It was Mrs. Tawes who reminded me about Lady Baltimore Cake, the white cake with white frosting and a fruit and nut filling that shares the name of our fair city. She mentions it in the introduction to “My Favorite Maryland Recipes,” published in 1964 while she was still Maryland’s first lady (her husband was Gov. J. Millard Tawes), where she gently boasts about the “delicacies that carried their fame beyond our state’s borders”: Maryland fried chicken, Maryland beaten biscuits, Maryland spoon bread and Lady Baltimore Cake. Later in the book, the cake appears as part of a sample menu for the “small dinners” held at the Governor’s Mansion at which Mrs. Tawes served “Maryland’s finest food using the finest old Maryland recipes.”
It’s not a revelation that Lady Baltimore Cake was not created in Baltimore. Several local writers, including former Evening Sun columnist Virginia Roeder and former Baltimore magazine food editor Cynthia Glover, have shared the story of the cake’s origins: it was first made by baker Alicia Rhett Mayberry just after the turn of the 19th century at a tearoom in Charleston, S.C., and popularized by writer , who gave it a starring role in his 1906 novel, “Lady Baltimore.” “Oh my goodness,” swoons the book’s narrator. “Did you ever taste it? It’s all soft, and it’s in layers, and it has nuts— but I can’t write any more about it; my mouth waters too much.” The novel set off a nationwide lust for Lady Baltimore Cake, which subsequently edged out pound cake as the wedding cake of choice for a time. (The cake’s name, however, is more of a mystery. No one seems to know why it was named after Joan Calvert, the second wife of George Calvert, the first Lord Baltimore, whose son Leonard founded St. Mary’s City. )
After reading Mrs. Tawes’ introduction, I wondered when the cake went from being simply a popular cake to seeming as Maryland as fried hard crabs or beaten biscuits, so I did a little research of my own. In the Maryland Room at the central branch of the Enoch Pratt Free Library, I found a recipe for Lady Baltimore Cake in “Eat, Drink and Be Merry in Maryland,” Frederick Stieff’s 1932 seminal collection of recipes from local cooks. Credited to Mrs. William Delaplaine of Frederick County, the recipe is simplicity itself: four sentences of basic instructions, and ingredients including butter, flour, milk, egg whites, baking powder and rose water for flavoring.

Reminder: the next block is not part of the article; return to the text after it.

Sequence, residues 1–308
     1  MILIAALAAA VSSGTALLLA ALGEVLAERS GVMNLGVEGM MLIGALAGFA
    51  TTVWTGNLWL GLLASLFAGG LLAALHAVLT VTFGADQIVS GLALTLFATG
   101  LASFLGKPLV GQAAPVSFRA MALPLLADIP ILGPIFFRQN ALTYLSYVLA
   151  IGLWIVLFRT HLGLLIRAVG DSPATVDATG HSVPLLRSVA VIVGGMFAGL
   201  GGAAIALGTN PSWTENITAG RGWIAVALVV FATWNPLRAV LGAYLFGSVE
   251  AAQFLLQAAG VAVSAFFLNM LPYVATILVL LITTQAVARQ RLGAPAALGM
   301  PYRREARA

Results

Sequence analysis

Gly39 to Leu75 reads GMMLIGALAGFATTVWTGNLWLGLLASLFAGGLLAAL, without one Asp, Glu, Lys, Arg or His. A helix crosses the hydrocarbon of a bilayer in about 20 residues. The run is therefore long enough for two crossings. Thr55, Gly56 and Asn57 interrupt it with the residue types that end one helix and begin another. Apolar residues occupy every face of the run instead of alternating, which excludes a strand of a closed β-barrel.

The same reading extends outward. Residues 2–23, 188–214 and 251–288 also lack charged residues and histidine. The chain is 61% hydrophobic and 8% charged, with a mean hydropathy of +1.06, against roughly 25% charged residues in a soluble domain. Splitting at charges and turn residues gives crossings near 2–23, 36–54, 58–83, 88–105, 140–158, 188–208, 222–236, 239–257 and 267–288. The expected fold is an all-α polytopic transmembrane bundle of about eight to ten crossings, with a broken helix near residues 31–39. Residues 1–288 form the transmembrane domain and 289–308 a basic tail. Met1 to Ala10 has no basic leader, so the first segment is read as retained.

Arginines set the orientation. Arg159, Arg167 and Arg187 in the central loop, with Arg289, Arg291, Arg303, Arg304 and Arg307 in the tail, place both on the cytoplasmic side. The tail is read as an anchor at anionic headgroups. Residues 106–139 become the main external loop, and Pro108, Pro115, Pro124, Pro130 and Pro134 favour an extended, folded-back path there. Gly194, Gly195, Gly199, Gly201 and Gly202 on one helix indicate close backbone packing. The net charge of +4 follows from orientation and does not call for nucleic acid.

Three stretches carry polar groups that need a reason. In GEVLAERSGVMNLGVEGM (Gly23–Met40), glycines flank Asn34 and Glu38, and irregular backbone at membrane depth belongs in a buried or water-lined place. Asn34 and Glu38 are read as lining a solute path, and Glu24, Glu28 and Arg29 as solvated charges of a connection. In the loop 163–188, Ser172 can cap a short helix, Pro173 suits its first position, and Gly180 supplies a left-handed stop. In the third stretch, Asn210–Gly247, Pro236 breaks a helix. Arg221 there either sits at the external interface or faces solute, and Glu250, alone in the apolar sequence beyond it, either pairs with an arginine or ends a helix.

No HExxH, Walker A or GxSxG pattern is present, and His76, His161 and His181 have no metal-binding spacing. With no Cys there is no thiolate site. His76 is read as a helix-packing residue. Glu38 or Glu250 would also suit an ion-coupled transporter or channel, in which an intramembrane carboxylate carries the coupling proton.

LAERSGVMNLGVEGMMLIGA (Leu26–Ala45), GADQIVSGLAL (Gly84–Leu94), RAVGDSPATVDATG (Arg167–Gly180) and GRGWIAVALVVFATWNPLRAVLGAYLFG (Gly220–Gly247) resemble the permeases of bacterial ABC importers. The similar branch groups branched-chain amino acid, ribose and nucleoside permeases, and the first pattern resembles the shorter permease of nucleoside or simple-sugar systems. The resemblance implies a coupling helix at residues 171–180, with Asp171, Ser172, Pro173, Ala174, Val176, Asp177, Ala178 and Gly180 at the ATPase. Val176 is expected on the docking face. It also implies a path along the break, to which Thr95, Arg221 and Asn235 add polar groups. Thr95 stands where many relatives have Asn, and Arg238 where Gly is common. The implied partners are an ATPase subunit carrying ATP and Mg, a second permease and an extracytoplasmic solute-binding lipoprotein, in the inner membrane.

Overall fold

The library’s vertical file yielded another recipe, published in a 1933 pamphlet for a series of cooking seminars sponsored by national cookbook author Jessie DeBoth’s Home-Makers’ Schools and held at the old Auditorium Theatre on Howard Street. And in 1944, St. John’s Lutheran Church of Hagerstown published yet another recipe— with oil replacing butter in the cake batter, most likely a result of war rationing, and with bitter almond flavoring instead of vanilla— in its cookbook, “What Shall We Have to Eat?” The cake isn’t mentioned in Maryland classics “The Amiable Baltimoreans” and “Maryland’s Way: The Hammond-Harwood House Cookbook,” though a recipe is included in Baltimore Gas and Electric’s “Treasured Recipes Honoring Maryland’s 350th Anniversary,” published in 1984. Gourmet magazine included Lady Baltimore Cake in a 1991 menu feature, “A Light Maryland Thanksgiving,” and oddly enough, a photo caption in a 2002 New York Times Magazine article explaining the South Carolina origins of Lady Baltimore Cake reads “Maryland fab cake.”